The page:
Little 5 Points return of Halloween Parade brings community together

Kate Durden

With Halloween approaching, frightening costumes filled the streets once again, as the Little 5 Points Halloween Parade returned on Oct. 23 after a three-year hiatus. 

Although the festival has still been occurring throughout the years, the parade has seen a two year gap due to COVID-19, as well as an interruption from rain that spoiled the plans for the parade in 2019. In 2021, Little 5 Points had a virtual parade out of precaution for COVID-19. This year’s parade was also the first to take place on a Sunday. 

“People don’t seem to be so excited about it [the parade] being on Sunday, but I think people are excited that it’s happening,” one of the main organizers of the festival, Reid Koski, said. “It seems with all sorts of festivals, people are just excited to get out and do stuff after two years of not doing stuff. I think people just want to get out and support all the businesses and just have an excuse to go party, especially before Halloween.”

Representatives for the Atlanta scholarship organization, Miss Capital City won by Tara Schiphof and Riley Wolfe Rach, and Miss Greater Atlanta won by Melanie Zhang, experienced this excitement from the crowd as they walked throughout the parade route. 

“I thought it [the parade] was amazing,” Schiphof said. “It was nice to be able to interact with the kids and see them have a great time. It was just really fun. It was a bonding experience for us as well.”

With the return of the parade that has been around since the 70’s, there were some changes. Along with moving the parade to Sunday and the change in the parade route to Moreland Avenue, the Little 5 Points Business Association is trying to focus more on local businesses’ participation. 

“We’re trying to have an emphasis more on local participants,” Koski said. “People [were] coming in from other brands more so than people who were actually involved in the community year round.”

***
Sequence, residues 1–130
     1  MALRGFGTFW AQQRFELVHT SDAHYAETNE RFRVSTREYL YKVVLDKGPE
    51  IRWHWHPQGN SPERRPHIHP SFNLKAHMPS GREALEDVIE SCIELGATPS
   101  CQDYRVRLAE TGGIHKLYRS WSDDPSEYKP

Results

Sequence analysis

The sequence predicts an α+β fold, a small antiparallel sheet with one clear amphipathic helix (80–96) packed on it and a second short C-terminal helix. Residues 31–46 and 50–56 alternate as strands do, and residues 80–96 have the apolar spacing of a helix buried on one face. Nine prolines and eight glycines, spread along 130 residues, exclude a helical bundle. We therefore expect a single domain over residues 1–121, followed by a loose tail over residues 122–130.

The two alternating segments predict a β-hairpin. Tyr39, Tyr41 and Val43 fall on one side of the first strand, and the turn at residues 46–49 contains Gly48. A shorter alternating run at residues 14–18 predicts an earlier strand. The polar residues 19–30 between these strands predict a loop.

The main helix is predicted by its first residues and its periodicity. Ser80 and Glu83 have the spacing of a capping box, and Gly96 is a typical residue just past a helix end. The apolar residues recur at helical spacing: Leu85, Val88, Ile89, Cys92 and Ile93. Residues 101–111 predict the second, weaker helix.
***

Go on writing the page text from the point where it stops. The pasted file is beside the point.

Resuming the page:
Little 5 Points store, Psycho Sisters, is a part of the Little 5 Points Business Association and has seen the parade benefit their store and increase their profits. Leah Robertson is a sales associate at Psycho Sisters and noticed people coming to the store in preparation for the celebration. 

“We had a lot of people come in and shop for specific pieces for the parade,” Robertson said. “If someone has a section in the parade, they’ll come in and try and find clothes for it.” 

Abbadabba’s is another Little 5 Points store and is a festival sponsor for the parade. Abbadabba’s employee, Tulsi Lamvert, says just keeping the door open to the store attracts people to come in since the parade captivates a crowd. 

“I think more people will be out on the town,” Lamvert said. “Hopefully, we’ll have tons and tons of people. So I just think, the more people there are, the more that are likely to come in here.”

Robertson also notices the large crowd attracted by the parade and the promotion it brings. Psycho Sister clothing was showcased in the parade when some of Robertson’s co-workers wore the businesses’ own pieces. 

“It [the parade] brings a lot of people to the area,” Robertson said. “A big parade that just brings people together in general. We’re kind of different from other clothing stores around here. Us just being in the parade is going to promote so much business. We’re going to be having our own pieces from the store.”

Koski believes that the Little 5 Points community and businesses’ are uplifted through the festivities of the parade.  

“Of everything that happens all year round, it’s [the parade] the thing that brings the community together,” Koski said. “I hear stories of inviting people to Little 5 back when everyone was just one big happy family; today, not so much anymore, but during the festival everyone’s enjoying time with everyone else and that brings everyone together. It’s like our Black Friday. All the businesses are just making a ton of money, and everyone’s happy.”

The return of the parade brings people back together to celebrate the spooky feeling the neighborhood enjoys through the festivities. 

“Definitely one of the big things is that it brings people who wouldn’t always come but they decide to come back because they think, ‘this neighborhood is awesome, all these stores are super great,’” Koski said. “So, hopefully, there’s some long term effects that include bringing new people, especially with COVID-19 since it hasn’t happened in so long. There’s all sorts of new people who have moved to Atlanta since the last parade who might be coming to Little 5 for the first time, and that’s like falling in love.”